20. I'm reading these in what informs me is Diana Wynne-Jones's suggested reading order, which is different from the publication order. I've been enjoying DWJ, which is why I've been reading them so quickly, but this is the first one which really makes me understand why she has such a devoted fanbase: she really has created a convincingly strange alternative world, with a real humour and charm to it.

    21. If you liked Harry Potter, don't read this book. If you think Harry Potter is derivative puerile nonsense entirely bereft of wit, charm, or originality then I salute you. You should enjoy this delightful children's fantasy.

    22. ممتع، لطيف بشخصيات مثيرة للاهتمام، جميل استخدامها لفكرة الاسقاط النجمي وفكرة العوالم الموازية الي تنشأ في الاحداث الكبيرة، جميل انك تشوف كريستوماني في الجزء الأول هو و زوجته ومن ثم تشوفهم وهم اطفال وتشوف ماضيهم و نوعية حياتهم ، وتقارن بين كريستفور وكات والتشابه بينهم.الشي [...]

    23. Although this is fourth in the Chrestomanci series, it actually gives the back story of the eponymous character, Christopher Chant being Chrestomanci's real name, as Chrestomanci is a title given to whoever is the current enchanter with nine lives. Christopher grows up with a weird childhood in an upper class home with nurses and later governesses, and where his mother communicates with his father either by passing notes to the servants, or by addressing a convenient servant along the lines of ' [...]

    24. I forgot how much better this book is even compared to the first. I have so much love for this series. I love Christopher so much, and the Goddess. The mystery is just enough—I know when I read it the first time, I didn’t predict the ending as quickly. I love Morticai’s arc, though I am always slightly disappointed by the reveal of the secret of the Eleventh world. However, I’m always smitten with stories of the world in the between the worlds—as you see with my love for The Magician [...]

    25. this is her second book which i read. first was the charmed life. her writing style is similar in both books. the twist in both the stories are of similar kind too.a creative original story in deed. where and when did she found and wrote this stories. i wonder interesting book it is.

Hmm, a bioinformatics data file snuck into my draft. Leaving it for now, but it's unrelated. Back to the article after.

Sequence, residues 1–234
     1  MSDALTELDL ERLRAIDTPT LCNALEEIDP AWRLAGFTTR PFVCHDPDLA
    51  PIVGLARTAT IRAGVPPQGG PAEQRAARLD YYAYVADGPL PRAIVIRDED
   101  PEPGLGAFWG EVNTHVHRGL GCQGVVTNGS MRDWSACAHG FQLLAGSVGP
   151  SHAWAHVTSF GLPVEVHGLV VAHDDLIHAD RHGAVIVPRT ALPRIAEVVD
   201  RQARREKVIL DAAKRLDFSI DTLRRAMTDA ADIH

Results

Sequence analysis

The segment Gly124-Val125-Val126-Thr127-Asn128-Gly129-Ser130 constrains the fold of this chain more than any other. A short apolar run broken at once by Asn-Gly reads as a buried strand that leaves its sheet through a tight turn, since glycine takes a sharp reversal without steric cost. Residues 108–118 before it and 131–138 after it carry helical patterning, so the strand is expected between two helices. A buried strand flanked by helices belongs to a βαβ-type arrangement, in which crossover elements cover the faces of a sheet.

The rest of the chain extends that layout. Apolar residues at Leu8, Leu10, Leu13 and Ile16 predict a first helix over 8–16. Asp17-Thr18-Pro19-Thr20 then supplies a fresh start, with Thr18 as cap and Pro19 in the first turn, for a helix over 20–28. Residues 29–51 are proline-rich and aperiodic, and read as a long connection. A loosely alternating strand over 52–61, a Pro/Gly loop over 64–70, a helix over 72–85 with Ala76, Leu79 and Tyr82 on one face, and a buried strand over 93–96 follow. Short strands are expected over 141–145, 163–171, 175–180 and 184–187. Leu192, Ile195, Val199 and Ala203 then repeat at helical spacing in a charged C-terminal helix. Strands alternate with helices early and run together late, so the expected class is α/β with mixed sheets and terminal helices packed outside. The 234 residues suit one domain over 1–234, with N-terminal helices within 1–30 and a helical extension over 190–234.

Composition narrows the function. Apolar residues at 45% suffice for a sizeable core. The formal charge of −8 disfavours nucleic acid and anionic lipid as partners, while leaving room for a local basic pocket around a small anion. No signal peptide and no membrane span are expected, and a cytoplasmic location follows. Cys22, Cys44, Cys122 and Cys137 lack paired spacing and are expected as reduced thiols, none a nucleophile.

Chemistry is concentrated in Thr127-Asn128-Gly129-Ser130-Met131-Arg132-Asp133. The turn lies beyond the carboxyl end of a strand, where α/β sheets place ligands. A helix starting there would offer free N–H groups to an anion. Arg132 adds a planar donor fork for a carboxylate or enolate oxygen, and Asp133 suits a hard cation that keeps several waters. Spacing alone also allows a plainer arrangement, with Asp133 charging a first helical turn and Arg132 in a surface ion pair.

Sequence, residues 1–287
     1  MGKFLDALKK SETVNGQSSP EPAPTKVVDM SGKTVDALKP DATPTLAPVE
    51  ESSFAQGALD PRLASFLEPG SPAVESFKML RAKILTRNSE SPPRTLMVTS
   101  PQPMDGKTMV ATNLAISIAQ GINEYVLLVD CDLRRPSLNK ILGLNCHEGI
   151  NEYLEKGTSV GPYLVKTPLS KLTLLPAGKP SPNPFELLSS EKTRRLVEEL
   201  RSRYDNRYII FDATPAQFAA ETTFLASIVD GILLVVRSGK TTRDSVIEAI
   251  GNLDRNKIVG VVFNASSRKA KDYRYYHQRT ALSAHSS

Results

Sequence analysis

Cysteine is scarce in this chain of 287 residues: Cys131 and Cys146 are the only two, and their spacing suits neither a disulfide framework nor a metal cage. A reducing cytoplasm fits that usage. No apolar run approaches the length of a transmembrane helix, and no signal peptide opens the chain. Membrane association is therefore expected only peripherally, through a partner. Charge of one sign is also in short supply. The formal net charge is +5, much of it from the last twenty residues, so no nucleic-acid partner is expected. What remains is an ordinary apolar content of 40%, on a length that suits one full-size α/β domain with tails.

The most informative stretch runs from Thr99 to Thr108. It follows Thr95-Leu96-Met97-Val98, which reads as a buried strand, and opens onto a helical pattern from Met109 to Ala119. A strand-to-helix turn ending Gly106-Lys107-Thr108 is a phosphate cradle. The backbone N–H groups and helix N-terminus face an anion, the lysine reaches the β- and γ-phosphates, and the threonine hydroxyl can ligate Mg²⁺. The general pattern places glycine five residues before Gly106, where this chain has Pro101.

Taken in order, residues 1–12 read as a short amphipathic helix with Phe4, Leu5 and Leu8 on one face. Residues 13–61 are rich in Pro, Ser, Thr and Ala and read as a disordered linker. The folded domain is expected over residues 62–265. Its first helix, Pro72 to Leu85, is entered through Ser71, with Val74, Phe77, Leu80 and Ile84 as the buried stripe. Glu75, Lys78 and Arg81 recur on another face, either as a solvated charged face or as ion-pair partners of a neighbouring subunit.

26. One of those strange examples of a story set before another but which loses something if you read/see it first (others being things like The Magician's Nephew andStar Wars: The Phantom Menace.)So this story is set a generation before Charmed Life and it follows much the same model: it's about how the greatest magician of the world discovers his destiny, resents it but eventually comes to terms with it.One of the things I like about DWJ is her careful attention to detail in the plotting, somethin [...]

    27. [questo commento vale, in parte, anche per gli altri volumi della serie]"Se vi dicessero che il vostro mondo non è l'unico esistente.Se vi dicessero che ci sono centinaia di mondi paralleli, originati in seguito a inevitabili spaccature nella Storia.Se vi dicessero che in alcuni di questi mondi la magia è comune quanto la luce del sole, ma che è pericolosissima se riposta nelle persone sbagliate.Se vi dicessero che può esistere un solo mago che ha nove vite ed è destinato a diventare l'inca [...]

    28. This Diana Wynne Jones book has an intriguing title: we are used to The Lives of the Caesars (where more than one person is involved) or, on the other extreme, The Life of Brian (which is about just one person). The Lives of Christopher Chant reflects the notion that one person can have, like a cat, more than one life. This notion is an old one, from the transmigration of the soul to the Russian folk-villain Koshchei, whose external soul is hidden away in one object enclosed within another, and [...]